Olmsted Prize for Excellence in Secondary School Teaching

Then President John Chandler started this award in 1984 after a conversation with Frances Olmsted about how the college might best use an unrestricted bequest from her late husband, George Olmsted, Jr., Class of 1924.

Each October the President invites members of the senior class to nominate a secondary school teacher who had contributed significantly to their intellectual and personal growth.  (See nomination guidelines.)

Approximately 25 and 50 seniors submit nominations by the early January deadline. A faculty/student committee reads the nominations and decides on a smaller group of teachers to review further, narrowing the group down to around 15-25.  The committee is made up of a faculty chair, three additional faculty/staff, and the secretary to the committee.

We then write to the teachers we have chosen to move forward informing them of their nomination and asking that they submit an up-to-date resume or summary of their work in another form and a few paragraphs on their philosophy of education. At this time, we also write to each teacher’s principal, or head of school, inviting any comments about the teacher that would help us make our decision; we also request they send a copy of their school profile.  We allow the principal to pass this request on to an assistant principal, department chair, or someone who has supervised the teacher and knows them well.  The deadline to submit these materials is usually late February.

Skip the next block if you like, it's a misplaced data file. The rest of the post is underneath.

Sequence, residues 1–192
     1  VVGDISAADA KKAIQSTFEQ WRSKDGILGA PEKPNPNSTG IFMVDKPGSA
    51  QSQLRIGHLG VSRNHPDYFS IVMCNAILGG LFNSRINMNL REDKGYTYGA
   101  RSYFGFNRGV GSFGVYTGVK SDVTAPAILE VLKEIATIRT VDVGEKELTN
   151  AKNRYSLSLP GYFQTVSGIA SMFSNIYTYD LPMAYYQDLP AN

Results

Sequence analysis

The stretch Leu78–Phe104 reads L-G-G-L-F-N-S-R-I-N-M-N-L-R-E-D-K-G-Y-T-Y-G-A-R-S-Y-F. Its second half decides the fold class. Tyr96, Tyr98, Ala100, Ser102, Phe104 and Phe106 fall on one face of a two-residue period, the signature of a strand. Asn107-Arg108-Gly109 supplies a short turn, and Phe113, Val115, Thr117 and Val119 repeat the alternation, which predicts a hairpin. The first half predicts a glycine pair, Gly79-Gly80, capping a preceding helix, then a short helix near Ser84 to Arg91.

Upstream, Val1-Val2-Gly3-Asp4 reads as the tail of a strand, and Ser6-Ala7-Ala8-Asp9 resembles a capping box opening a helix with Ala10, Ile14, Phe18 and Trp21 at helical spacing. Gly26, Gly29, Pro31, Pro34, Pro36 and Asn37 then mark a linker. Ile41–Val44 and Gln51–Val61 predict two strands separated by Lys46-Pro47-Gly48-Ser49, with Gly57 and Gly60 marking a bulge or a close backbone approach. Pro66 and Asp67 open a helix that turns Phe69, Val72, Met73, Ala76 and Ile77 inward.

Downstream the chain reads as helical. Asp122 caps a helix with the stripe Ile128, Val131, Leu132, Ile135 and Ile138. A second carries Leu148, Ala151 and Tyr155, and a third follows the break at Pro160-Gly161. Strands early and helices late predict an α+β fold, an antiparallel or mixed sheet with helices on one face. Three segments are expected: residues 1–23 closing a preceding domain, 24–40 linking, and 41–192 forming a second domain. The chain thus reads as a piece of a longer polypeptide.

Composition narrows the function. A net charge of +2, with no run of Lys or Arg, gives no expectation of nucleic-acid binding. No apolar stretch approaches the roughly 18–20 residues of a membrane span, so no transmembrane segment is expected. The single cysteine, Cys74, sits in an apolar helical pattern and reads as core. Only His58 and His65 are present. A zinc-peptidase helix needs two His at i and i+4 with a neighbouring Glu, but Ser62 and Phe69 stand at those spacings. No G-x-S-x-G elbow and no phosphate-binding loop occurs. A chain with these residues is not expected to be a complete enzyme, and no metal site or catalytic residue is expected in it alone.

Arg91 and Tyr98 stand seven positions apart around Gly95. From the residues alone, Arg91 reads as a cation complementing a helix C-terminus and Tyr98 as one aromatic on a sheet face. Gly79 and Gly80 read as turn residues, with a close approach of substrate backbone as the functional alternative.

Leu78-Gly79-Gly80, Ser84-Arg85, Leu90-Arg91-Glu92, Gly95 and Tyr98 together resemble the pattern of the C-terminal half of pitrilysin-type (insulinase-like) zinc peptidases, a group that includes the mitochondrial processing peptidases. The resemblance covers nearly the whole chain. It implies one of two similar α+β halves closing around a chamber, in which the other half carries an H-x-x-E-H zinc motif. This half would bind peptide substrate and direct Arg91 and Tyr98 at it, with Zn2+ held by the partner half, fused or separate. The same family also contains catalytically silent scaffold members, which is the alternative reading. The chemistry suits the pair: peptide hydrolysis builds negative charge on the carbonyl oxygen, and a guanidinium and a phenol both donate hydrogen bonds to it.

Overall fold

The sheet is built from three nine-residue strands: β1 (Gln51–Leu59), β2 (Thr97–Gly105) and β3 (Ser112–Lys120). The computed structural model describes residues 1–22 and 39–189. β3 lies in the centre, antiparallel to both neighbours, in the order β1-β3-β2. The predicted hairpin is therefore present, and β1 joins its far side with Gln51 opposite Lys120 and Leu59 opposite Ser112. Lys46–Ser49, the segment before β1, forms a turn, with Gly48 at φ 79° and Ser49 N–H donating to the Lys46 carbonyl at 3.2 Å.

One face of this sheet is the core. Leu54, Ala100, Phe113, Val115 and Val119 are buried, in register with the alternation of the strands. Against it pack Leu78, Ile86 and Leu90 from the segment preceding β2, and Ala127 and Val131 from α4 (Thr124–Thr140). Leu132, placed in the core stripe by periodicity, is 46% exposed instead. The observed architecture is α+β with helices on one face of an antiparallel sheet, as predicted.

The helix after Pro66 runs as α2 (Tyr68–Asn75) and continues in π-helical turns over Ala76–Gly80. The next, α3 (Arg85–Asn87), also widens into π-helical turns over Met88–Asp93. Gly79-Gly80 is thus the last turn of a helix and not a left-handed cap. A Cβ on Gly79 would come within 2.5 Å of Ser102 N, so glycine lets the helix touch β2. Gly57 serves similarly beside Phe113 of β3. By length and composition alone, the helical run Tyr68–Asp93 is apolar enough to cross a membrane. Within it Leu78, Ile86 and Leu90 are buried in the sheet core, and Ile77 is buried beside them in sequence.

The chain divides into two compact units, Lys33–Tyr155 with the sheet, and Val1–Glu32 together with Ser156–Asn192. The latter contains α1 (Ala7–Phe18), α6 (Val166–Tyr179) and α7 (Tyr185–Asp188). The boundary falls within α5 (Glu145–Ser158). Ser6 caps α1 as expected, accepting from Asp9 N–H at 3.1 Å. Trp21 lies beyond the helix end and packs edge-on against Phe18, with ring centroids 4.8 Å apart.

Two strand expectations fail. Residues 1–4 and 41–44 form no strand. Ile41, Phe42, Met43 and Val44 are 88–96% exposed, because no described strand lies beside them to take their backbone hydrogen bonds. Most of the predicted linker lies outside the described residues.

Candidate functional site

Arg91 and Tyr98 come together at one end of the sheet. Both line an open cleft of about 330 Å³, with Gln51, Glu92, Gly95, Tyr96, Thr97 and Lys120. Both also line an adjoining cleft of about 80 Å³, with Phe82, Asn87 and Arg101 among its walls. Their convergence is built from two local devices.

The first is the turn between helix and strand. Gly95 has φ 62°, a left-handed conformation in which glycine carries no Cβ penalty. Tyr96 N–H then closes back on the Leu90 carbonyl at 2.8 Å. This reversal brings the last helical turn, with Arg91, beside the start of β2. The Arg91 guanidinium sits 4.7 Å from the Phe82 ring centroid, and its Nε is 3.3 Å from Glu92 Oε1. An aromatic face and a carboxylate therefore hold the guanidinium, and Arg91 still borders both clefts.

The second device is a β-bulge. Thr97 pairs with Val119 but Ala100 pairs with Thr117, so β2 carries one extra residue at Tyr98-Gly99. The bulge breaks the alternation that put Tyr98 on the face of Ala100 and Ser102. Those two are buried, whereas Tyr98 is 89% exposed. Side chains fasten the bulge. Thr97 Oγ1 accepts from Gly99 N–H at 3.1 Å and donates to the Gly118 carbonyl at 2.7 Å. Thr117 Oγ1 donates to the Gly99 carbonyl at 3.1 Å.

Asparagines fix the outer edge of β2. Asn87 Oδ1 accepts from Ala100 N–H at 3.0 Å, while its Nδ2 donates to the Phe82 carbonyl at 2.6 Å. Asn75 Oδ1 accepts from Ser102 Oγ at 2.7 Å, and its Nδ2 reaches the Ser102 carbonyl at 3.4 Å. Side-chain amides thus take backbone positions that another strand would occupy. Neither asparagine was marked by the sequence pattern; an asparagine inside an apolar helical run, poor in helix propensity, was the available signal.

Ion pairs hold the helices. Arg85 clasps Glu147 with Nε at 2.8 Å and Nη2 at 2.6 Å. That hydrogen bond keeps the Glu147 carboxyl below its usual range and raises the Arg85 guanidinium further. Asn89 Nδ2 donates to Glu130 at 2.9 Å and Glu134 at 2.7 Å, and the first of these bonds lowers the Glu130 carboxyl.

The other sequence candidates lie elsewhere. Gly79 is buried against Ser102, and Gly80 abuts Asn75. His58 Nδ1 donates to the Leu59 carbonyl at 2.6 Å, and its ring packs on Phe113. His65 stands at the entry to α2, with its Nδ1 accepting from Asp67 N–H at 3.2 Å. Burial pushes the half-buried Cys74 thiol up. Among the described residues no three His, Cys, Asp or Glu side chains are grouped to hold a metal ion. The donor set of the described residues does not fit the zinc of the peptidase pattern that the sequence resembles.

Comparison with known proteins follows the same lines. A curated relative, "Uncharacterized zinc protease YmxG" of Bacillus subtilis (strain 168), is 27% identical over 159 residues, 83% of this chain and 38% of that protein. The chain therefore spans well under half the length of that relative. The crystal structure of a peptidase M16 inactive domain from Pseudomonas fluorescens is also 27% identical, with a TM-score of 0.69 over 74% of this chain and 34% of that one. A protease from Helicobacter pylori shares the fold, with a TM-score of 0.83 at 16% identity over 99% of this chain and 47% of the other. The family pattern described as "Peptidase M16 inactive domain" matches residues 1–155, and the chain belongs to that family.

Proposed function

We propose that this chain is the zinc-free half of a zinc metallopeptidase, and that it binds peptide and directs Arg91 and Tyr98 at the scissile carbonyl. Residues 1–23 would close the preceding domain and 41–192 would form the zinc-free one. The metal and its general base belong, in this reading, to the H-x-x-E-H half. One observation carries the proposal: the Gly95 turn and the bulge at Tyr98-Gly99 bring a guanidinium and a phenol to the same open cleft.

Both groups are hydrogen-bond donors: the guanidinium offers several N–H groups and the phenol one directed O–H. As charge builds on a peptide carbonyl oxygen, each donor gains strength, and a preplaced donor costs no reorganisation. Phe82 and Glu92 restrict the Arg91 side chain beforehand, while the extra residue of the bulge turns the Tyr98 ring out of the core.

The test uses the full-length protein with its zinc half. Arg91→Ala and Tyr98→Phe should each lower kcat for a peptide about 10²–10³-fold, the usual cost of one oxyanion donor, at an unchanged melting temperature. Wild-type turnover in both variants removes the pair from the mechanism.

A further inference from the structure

The committee reads the materials submitted from the teachers/principals and then meets one last time in mid-March to choose the four finalists.  At the last meeting we try to pay attention to gender, race/ethnicity of the teachers when known, public and private, rural and urban, and geographic location hoping that the final group reflects the diversity of our student body.  At least one teacher is chosen from each of our three academic divisions, as noted above.  International teachers are also considered in this group.

Each teacher receives a $3,000 prize and the school $5,000, to use as they wish. (We ask that the teacher be allowed to have some input as to how the school chooses to use this prize.) We invite each teacher to campus for Commencement weekend, along with one guest, all expenses paid.

Commencement Weekend:  The recipients are invited to campus on Friday evening.  On Saturday we hold a special luncheon in their honor along with the student nominators and their families, and the Olmsted Committee.

The recipients march in the procession with the dean, followed by the senior class, and sit on stage for the remainder of the program.  The dean calls each recipient and their student nominator

forward to the podium and reads a citation written about them by the chair of the committee. The recipients also receive a formal certificate.

On Saturday evening the recipients are invited, along with honorary degree recipients, to a dinner with the President and Trustees.

At the main Commencement ceremony on Sunday, the recipients sit in the President’s reserved section in the audience.  Just before the granting of the honorary degrees, the President recognizes the recipients and asks them to stand.  They are also invited to the President’s luncheon, immediately following Commencement.

Following Commencement weekend, all other nominees receive a letter acknowledging their nomination as well as a certificate from the President.

In the 37 years (1984-2020) of the Olmsted Prize for Excellence in Secondary School Teaching, Williams has recognized 154 men and women from around the United States as well as internationally.